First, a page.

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A. Khondkaryan, F. Choudhury, M. Torres, S. Azen, R. Varma, LALES Group; 4-Year Changes in Refractive Error in Adult Latinos: The Los Angeles Latino Eye Study (LALES). Invest. Ophthalmol. Vis. Sci. 2010;51(13):1711.
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© ARVO (1962-2015); The Authors (2016-present)
To characterize the magnitude and type of refractive change in a population-based sample of Latinos aged 40 years and older over a 4-year period.
A population-based cohort of 4568 self-identified Latinos from six census tracts in Los Angeles, California, underwent comprehensive ophthalmological examinations at baseline and at four year follow-up, including visual acuity measurements and automated and subjective non-cycloplegic refraction using standardized protocols. Subjects who were aphakic or pseudophakic on examination were excluded from this analysis. Data from one randomly selected eye from each participant were used in this analysis. Analysis of variance (ANOVA) and chi-square test were used to assess differences in the means and proportions between the groups.
Of the 4568 participants who underwent both a baseline and a follow-up examination, 4066 were included in this analysis. Overall, 1119 of the 4066 participants (27.5%) had no change in their refractive error. The proportion of participants aged 40-49 years, 50-59 years, 60-69 years, 70-79 years and 80 years and older at baseline who had no change in their refractive error was 42.1%, 22%, 14.2%, 9.7%, and 5.7%, respectively (p-trend =< 0.001). The median (mean) change in spherical equivalent refractive error in diopters (D) in those aged 40-49 years, 50-59 years, 60-69 years, 70-79 years and 80 years and older at baseline was 0D (+0.1D), +0.25D (+0.26D), +0.13D (+0.04D), -0.13D (-0.27D) and -0.37D (-0.5D), respectively (p-trend =< 0.001). There were no gender-related differences within each age group. The proportion of participants aged 40-49 years, 50-59 years, 60-69 years, 70-79 years and 80 years and older at baseline who had a greater than or equal to -1D myopic change was 10.7%, 7.9%, 18.4%, 32.8%, and 45.7%, respectively.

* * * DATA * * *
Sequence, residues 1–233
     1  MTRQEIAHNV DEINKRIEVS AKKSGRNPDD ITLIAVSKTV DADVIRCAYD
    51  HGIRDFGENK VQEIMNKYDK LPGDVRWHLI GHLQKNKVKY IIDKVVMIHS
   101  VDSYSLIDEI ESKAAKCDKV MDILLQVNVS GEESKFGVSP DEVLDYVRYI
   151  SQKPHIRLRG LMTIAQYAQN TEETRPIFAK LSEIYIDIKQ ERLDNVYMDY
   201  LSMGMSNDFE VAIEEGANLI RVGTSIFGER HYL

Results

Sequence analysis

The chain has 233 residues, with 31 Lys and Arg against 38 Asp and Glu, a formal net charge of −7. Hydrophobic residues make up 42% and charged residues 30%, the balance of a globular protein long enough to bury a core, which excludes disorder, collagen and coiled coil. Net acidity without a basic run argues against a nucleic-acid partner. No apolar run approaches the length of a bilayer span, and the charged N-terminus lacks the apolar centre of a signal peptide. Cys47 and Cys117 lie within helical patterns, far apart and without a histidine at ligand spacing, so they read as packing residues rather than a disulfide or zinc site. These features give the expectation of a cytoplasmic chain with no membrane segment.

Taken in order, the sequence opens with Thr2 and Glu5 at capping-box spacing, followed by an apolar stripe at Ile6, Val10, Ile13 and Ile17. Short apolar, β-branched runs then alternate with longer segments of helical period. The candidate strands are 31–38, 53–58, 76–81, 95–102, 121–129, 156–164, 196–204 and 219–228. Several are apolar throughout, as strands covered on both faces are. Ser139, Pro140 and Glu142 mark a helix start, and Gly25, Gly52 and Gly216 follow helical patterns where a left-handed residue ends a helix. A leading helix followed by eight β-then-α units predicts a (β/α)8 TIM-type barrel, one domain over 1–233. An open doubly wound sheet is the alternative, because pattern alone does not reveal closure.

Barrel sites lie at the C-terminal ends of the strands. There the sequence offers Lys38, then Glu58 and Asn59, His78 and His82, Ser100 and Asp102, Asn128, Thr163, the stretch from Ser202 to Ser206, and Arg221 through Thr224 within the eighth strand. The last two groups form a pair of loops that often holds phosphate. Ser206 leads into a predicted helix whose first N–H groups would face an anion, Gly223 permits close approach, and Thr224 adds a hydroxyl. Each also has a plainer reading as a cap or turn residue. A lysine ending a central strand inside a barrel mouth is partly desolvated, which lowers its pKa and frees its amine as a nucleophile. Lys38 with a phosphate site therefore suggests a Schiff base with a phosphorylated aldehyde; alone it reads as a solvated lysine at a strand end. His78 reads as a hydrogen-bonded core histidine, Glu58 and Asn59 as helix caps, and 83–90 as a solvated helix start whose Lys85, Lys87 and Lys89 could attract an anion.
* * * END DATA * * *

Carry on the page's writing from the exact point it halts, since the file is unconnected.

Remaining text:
In a population-based sample of Latinos, younger Latinos (40-69 years) have a hyperopic shift in their refractive error, which is followed by a myopic shift in those who are older (70 years and older). The tendency toward myopic shift in the older patients is most likely attributable to progressive lenticular changes.
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